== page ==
The Federal Trade Commission just released a new report laying out its current thinking on Internet privacy. In some cases, the commission recommends new legislation, while in others it just want to hold more workshops.
The FTC previously released a “privacy framework” in December 2010. The framework outlined three principles that the commission wants companies to follow, including “privacy by design” (which means thinking about privacy at every stage of product development), simplified consumer choice, and greater transparency. It made perhaps its biggest splash by endorsing a “Do Not Track” mechanism in Web browsers. The FTC didn’t invent the idea, but DNT has gained more momentum since it made the endorsement.
In the new report (view or download the PDF here), the FTC includes five main action items:
- Do Not Track — The report notes that “significant progress” has been made in making Do Not Track a reality. “However, the work is not done.” The FTC says it will work with organizations including browser vendors, the Digital Advertising Alliance, and The World Wide Web Consortium “to complete implementation of an easy-to use, persistent, and effective” system.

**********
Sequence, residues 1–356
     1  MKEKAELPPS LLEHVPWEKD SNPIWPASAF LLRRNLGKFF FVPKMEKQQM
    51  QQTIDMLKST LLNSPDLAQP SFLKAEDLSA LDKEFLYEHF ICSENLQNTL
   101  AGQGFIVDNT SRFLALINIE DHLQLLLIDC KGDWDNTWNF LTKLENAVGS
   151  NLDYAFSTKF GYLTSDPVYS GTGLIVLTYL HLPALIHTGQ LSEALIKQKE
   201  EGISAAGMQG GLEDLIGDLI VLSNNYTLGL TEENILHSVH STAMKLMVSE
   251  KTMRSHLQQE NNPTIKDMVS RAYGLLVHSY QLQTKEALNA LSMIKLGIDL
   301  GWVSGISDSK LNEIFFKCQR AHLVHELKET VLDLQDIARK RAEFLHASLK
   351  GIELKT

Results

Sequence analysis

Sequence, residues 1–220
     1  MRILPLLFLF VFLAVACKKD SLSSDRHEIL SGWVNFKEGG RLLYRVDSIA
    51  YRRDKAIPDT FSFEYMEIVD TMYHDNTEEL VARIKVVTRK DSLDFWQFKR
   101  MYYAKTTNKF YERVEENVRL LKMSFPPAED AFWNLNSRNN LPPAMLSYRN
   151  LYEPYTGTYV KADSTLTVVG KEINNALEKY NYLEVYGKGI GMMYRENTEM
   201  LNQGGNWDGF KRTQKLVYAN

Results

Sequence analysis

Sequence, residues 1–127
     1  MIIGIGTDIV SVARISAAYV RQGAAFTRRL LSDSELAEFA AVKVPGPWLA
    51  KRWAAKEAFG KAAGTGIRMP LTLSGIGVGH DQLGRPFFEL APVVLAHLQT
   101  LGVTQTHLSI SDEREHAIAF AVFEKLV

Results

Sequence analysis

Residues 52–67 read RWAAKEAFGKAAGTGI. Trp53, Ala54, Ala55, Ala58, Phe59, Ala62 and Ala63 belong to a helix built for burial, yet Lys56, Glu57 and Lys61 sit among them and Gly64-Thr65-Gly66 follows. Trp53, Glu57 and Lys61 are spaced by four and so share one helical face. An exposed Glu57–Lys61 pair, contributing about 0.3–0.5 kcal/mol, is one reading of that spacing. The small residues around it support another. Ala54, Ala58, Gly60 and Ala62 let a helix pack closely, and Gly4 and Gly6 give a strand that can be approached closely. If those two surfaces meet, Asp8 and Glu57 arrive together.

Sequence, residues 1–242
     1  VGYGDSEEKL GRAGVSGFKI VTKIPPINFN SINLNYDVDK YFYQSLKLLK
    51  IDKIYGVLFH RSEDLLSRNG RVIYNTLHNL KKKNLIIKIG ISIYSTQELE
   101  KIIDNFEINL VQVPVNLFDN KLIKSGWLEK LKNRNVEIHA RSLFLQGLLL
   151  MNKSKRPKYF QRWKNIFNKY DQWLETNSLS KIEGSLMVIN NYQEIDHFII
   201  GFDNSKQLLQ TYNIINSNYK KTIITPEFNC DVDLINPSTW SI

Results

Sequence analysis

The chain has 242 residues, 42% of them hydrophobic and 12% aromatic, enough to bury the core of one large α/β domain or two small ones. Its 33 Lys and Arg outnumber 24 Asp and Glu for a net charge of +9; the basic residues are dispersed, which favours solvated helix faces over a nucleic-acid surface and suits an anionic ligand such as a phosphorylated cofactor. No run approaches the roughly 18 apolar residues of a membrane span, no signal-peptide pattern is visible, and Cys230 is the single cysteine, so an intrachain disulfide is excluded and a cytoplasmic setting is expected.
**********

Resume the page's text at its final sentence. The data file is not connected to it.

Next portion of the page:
- Mobile — The FTC wants mobile companies to provide “short, meaningful disclosures”, and it will host a workshop on May 30 in the hopes of that it “will spur further industry self-regulation.”
- Data Brokers — The FTC supports legislation that would give consumers access to the information that data brokers hold about them. It also calls for those brokers to “explore creating a centralized website” showing who is collecting what data.
Large Platform Providers — The FTC report says that as Internet Service Providers, operating systems, Web browsers, and social media services try to “comprehensively track consumers’ online activities,” they raise “heightened privacy concerns,” and the commission plans to hold a workshop later this year to look at the issue. For now, it seems like the commission is least concerned about the final category. The report says that even though “companies such as Google and
Facebook are expanding their reach rapidly, they currently are not so widespread that they could track a consumer’s every movement across the Internet,” so they don’t raise “the same level of privacy concerns.”
- Promoting Enforceable Self-Regulatory Codes — The FTC says it will participate in the Department of Commerce’s efforts to build sector-specific codes of conduct, and that if those codes are developed, the commission will “view adherence to such codes favorably in connection with its law enforcement work.”